Will Smith and Mary Elizabeth Winstead in Gemini Man

Image courtesy Paramount Pictures

Will Smith and Mary Elizabeth Winstead in Gemini Man

Gemini Man is an interesting but contrived experiment 

Clone war

From 19th-century music-on-disc experiments, to synchronized soundtracks, to three-strip Technicolor, to 3-D cinematography, to CGI, filmmakers have always embraced technological advances. And though director Ang Lee is part of that proud tradition, his newest undertaking, Gemini Man, falls just short of expectations not because of a failure of science, but thanks to mediocre use of old-fashioned elements: writing, acting and directorial sensibility.

Regrettably – as is the norm today – the great gimmick of this action sci-fi flick is revealed in the trailers: Will Smith and his character have been cloned. The hitman he portrays has been scientifically replicated (think Dolly the Sheep) while the actor’s younger self has been re-created in much the same manner as Peter Cushing in Rogue One: A Star Wars Story, though that film didn’t have access to the real Cushing, who died in 1994.

This isn’t the “euthanizing” method of The Curious Case of Benjamin Button, which remains the most emotionally impactful use of this type of technology, though the science was in its infancy in 2008. Instead, this spectacle, which raises important social and artistic questions, is courtesy of a combination of CGI, motion-capture tech and use of Smith’s previous performances. And though the end product still sometimes sinks into the “uncanny valley,” the film contains moments of astonishing realism, as did Alita: Battle Angel earlier this year.

But as most sound films from the late 1920s and early 1930s prove, tech isn’t enough. It’s still about the basics. And in that regard, Gemini is a tad disappointing. Smith plays Henry Brogan, an operative with the Defense Intelligence Agency (DIA). (Filmmakers peppered the set with Coca-Cola, Stella Artois and other brands, but they couldn’t reference the CIA?) Haunted by his 72 career hits and worried that his age is compromising his marksmanship, the 51-year-old wants to retire.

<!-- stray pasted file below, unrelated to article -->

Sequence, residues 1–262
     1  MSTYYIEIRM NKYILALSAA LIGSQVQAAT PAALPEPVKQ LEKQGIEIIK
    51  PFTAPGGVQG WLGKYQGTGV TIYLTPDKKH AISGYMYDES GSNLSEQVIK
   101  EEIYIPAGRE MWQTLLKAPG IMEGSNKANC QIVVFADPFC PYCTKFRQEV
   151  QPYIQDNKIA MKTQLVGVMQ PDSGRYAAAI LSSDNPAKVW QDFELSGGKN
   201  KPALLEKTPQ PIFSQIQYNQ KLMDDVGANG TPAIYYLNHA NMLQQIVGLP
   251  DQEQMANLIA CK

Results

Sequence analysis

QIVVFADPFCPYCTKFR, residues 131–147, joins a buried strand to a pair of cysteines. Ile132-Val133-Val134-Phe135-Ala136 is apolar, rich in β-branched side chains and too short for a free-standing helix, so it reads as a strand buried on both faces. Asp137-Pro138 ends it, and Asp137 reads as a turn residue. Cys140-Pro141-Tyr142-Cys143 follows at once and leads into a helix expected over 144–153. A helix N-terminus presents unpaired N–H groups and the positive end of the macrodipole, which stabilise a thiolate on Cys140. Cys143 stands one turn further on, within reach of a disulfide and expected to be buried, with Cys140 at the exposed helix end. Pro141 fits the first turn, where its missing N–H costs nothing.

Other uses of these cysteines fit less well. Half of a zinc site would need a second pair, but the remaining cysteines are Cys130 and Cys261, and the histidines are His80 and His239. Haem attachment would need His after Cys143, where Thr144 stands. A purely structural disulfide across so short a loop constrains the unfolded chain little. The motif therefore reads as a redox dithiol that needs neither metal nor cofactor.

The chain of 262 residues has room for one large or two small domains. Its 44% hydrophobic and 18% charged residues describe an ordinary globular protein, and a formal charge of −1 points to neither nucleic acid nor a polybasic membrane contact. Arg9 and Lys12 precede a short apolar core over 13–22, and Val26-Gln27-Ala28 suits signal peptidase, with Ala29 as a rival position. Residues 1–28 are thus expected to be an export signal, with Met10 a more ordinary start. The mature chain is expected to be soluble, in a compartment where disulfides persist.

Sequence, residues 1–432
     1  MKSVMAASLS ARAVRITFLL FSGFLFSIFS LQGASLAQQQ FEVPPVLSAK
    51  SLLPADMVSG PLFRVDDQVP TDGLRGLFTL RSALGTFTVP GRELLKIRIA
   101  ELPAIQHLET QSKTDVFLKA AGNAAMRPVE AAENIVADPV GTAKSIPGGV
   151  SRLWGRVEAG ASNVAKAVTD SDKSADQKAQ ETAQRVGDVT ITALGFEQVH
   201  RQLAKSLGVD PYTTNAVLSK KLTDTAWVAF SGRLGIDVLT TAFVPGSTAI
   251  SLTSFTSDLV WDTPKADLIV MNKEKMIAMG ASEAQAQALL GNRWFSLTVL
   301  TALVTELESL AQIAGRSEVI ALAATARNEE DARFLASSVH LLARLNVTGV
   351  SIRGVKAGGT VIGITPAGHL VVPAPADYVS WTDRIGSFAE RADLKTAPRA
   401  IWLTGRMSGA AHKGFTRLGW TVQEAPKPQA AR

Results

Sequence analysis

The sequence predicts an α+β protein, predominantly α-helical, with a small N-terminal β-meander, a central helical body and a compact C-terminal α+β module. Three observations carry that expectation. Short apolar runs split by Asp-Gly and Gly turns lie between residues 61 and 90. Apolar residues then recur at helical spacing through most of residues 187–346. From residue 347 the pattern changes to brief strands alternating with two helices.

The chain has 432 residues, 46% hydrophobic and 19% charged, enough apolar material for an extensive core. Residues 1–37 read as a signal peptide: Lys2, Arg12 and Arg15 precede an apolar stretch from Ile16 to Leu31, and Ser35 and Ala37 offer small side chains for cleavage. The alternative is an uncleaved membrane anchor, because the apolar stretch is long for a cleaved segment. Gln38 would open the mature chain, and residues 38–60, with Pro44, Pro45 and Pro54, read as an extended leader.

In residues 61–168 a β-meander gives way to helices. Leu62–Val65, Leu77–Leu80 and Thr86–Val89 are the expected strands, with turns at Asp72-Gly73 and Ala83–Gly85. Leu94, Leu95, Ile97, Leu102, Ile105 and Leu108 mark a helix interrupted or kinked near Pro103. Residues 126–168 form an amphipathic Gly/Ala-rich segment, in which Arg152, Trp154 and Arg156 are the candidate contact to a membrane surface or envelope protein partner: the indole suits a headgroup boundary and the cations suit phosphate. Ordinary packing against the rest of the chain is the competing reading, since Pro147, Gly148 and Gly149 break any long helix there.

“My soul is hurt,” he confesses. “I just want some peace.”

Enter Henry’s younger self, who was cloned more than two decades earlier by a secret project called Gemini (named for the astrological sign pictorially represented by twins). The 20-something doppelganger apparently has all of Henry’s skills but none of the emotional baggage. And, well, he’s not as old. So when Henry’s most recent kill goes pear-shaped, the agency agrees it’s time for him to step down, except they desire a more permanent retirement. And “Junior” is the perfect one to deliver the gold watch – in a coffin.

As Henry, Will Smith isn‘t at his best, but he (the real actor, not the digital double) is still the movie’s most watchable element. As his unlikely partner, Mary Elizabeth Winstead (Fargo TV series, The Hollars) does all that’s asked of her, but, as with much of the film, her character isn’t entirely believable or relatable. The same could be said of Benedict Wong as Henry’s friend and Clive Owen as the head of Gemini, though Wong’s comic relief and Owen’s dour villainy are intermittently interesting. However, Gemini Man never quite lives up to its intriguing premise. Smart, existential themes are lurking just below the surface and are partially uncovered in the climax, but they remain mostly buried by overscoring, overemphasis on (admittedly spectacular) action sequences and a contrived screenplay (by David Benioff, Darren Lemke and Billy Ray) that seems to exist mostly to showcase the special effects. (The Prisoner TV series explored these issues more maturely in its “Schizoid Man” episode.)

Speaking of tech, the film is groundbreaking in another way: Lee and cinematographer Dion Beebe shot it in 3D and a combination of 60 and 120 frames per second (fps), similar to Lee’s Billy Lynn’s Long Halftime Walk. Unfortunately, most theaters are screening the film in 2D and a standard 24fps. But even in that conventional format, the film looks curiously different: crisp, colorful and bright, if a little flat. Projected in 60 or 120fps, it apparently appears either spectacularly hyperrealistic or cheaply uncinematic, depending upon your own sensibility and cinematic expectations.

The new “cloning” magic might make one forget that there’s a different invention capable of even greater realism and more profound cultural change. That technology was principally created in the 1830s by a guy named Louis Daguerre. It’s called photography.

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